Defaulted Student Loan Consolidation

Consolidating your defaulted loans into a new loan will show that your old defaulted loans have been paid in full. You will sign a new promissory note, and be able to start from scratch! With only one lender to deal with and one monthly bill, you will find it easier than ever to manage your debt.  Also, get reinstated with Deferment and Forbearance options.

If you default on your student loan:

  • Your loans may be turned over to a collection agency.
  • You'll be liable for the costs associated with collecting your loan, including court costs and attorney fees.
  • You can be sued for the entire amount of your loan.
  • Your wages may be garnished. (Federal law limits the amount that may be garnished to 15% of the borrower's take-home pay.)
  • Your federal and state income tax refunds may be intercepted.
  • The federal government may withhold part of your Social Security benefit payments. (The US Supreme Court upheld the government's ability to collect defaulted student loans in this manner without a statute of limitations in Lockhart v US (04-881, December 2005).)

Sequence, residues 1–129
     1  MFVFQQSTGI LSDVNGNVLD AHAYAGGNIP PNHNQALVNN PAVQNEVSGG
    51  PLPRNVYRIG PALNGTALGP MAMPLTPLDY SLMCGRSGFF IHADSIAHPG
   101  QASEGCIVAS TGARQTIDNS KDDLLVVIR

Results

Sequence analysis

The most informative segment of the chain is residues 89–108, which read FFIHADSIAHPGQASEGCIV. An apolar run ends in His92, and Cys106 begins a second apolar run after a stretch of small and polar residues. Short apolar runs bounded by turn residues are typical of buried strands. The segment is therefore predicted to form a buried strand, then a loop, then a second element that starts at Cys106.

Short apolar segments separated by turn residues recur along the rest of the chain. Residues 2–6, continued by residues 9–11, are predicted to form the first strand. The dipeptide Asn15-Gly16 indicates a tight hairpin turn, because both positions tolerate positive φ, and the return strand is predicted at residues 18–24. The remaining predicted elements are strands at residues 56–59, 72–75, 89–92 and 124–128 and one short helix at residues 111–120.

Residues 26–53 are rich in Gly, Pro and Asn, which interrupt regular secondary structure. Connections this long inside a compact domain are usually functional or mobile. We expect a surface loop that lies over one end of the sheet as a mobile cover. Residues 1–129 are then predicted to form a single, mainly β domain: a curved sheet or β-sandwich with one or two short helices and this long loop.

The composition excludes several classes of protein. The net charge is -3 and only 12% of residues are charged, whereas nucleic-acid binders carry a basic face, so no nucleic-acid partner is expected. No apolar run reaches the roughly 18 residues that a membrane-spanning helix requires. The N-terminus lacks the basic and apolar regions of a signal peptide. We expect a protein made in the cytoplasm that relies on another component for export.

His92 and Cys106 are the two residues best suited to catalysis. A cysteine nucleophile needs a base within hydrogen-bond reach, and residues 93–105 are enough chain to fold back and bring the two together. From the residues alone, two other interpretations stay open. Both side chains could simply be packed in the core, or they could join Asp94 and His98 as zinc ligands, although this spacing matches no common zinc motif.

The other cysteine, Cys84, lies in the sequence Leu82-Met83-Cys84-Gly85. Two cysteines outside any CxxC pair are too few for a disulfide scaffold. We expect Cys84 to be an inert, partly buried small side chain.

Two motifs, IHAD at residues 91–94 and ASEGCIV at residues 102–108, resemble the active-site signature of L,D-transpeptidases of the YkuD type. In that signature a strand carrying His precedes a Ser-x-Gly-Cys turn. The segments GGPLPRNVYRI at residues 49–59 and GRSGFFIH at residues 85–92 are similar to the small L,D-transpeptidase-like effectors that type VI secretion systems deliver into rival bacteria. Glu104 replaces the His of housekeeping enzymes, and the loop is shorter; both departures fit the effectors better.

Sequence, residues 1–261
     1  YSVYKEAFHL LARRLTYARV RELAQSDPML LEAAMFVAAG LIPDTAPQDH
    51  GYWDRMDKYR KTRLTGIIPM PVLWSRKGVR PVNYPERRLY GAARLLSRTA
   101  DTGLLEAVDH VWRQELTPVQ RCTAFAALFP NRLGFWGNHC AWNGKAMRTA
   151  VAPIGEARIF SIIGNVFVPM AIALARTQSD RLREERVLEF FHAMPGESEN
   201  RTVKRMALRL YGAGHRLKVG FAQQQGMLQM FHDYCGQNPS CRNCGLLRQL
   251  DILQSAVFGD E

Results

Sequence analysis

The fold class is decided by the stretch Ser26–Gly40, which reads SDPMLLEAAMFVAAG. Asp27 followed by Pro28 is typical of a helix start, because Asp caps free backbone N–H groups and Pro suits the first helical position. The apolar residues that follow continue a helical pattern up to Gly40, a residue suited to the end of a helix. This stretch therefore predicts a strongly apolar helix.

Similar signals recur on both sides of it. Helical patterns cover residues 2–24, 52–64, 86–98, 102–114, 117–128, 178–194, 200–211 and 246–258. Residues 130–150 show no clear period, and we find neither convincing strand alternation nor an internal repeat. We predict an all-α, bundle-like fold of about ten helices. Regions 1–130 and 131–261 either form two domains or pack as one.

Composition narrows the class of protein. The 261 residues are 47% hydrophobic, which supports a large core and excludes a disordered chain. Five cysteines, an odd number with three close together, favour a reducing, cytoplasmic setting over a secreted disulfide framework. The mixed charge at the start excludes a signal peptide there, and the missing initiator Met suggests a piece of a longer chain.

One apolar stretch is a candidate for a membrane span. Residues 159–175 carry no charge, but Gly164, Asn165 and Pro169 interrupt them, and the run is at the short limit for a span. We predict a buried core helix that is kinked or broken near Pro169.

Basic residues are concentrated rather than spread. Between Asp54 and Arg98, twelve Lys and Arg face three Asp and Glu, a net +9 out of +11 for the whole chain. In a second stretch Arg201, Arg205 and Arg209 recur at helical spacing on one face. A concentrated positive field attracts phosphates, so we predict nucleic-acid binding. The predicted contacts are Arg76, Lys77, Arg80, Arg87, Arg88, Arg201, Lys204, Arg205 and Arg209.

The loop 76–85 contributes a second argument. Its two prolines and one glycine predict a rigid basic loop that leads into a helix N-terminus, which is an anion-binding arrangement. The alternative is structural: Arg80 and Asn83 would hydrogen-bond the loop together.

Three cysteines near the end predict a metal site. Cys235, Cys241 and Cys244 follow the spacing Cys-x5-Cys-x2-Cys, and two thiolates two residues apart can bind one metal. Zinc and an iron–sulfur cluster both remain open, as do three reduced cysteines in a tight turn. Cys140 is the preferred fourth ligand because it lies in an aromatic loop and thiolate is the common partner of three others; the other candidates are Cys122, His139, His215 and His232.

• Your defaulted loans will appear on your credit record, making it difficult for you to obtain an auto loan, mortgage, or even credit cards. A bad credit record can also harm your ability to find a job.
  • You won't receive any more federal financial aid until you repay the loan in full or make arrangements to repay what you already owe and make at least six consecutive, on-time, monthly payments. (You will also be ineligible for assistance under most federal benefit programs.)
  • You'll be ineligible for deferments.
  • Federal interest benefits will be denied.
  • You may not be able to renew a professional license you hold.

Once a student loan goes into "default" status the full balance of the loan becomes due immediately. It also means that other options for delaying payment, including student loan deferment and forbearance, can no longer be used.

Eventually, unpaid defaulted student loans can have long-term consequences beyond just the loan directly. For example, your credit report will take a hit. Once the loan has been forwarded for collection your wages can be garnished and your federal income tax refunds can be withheld. You also lose your eligibility for other types of federal loans.